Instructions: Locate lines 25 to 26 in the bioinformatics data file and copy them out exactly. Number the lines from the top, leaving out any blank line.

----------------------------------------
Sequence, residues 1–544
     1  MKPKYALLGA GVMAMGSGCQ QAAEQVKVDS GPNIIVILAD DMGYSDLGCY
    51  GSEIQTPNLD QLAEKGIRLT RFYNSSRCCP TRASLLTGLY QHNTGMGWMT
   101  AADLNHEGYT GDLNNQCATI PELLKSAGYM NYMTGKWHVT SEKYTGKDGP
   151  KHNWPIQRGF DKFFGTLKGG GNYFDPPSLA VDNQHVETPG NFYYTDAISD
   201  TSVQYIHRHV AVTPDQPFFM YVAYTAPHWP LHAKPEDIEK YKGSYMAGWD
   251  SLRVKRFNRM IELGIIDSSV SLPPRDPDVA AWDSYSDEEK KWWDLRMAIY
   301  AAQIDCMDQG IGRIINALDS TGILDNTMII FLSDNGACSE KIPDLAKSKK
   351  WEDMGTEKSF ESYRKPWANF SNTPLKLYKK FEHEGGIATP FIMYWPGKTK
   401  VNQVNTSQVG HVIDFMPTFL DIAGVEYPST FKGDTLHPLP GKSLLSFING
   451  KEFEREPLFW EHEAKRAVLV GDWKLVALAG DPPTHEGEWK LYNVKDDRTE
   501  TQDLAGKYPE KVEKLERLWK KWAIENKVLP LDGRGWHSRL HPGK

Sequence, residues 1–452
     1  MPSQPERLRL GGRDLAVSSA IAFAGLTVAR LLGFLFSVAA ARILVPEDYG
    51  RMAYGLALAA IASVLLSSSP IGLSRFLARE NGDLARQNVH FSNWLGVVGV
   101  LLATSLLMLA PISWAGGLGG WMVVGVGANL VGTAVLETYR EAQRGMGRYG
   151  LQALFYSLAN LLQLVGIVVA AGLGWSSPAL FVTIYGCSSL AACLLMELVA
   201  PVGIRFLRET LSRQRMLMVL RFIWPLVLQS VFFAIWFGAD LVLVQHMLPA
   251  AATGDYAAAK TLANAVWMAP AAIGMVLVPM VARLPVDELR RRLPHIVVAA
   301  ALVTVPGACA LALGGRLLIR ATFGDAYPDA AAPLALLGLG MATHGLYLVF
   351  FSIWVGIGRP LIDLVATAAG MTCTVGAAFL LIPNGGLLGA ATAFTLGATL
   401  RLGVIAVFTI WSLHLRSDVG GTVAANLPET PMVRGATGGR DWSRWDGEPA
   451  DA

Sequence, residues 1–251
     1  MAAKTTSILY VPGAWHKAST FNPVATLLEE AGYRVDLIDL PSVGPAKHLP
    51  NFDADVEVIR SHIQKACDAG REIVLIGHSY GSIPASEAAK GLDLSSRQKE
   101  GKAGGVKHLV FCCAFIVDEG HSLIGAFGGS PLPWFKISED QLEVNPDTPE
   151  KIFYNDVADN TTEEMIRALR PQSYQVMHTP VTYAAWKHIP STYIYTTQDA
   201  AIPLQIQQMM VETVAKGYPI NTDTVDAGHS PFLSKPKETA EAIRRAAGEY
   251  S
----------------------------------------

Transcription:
     1  MAAKTTSILY VPGAWHKAST FNPVATLLEE AGYRVDLIDL PSVGPAKHLP
    51  NFDADVEVIR SHIQKACDAG REIVLIGHSY GSIPASEAAK GLDLSSRQKE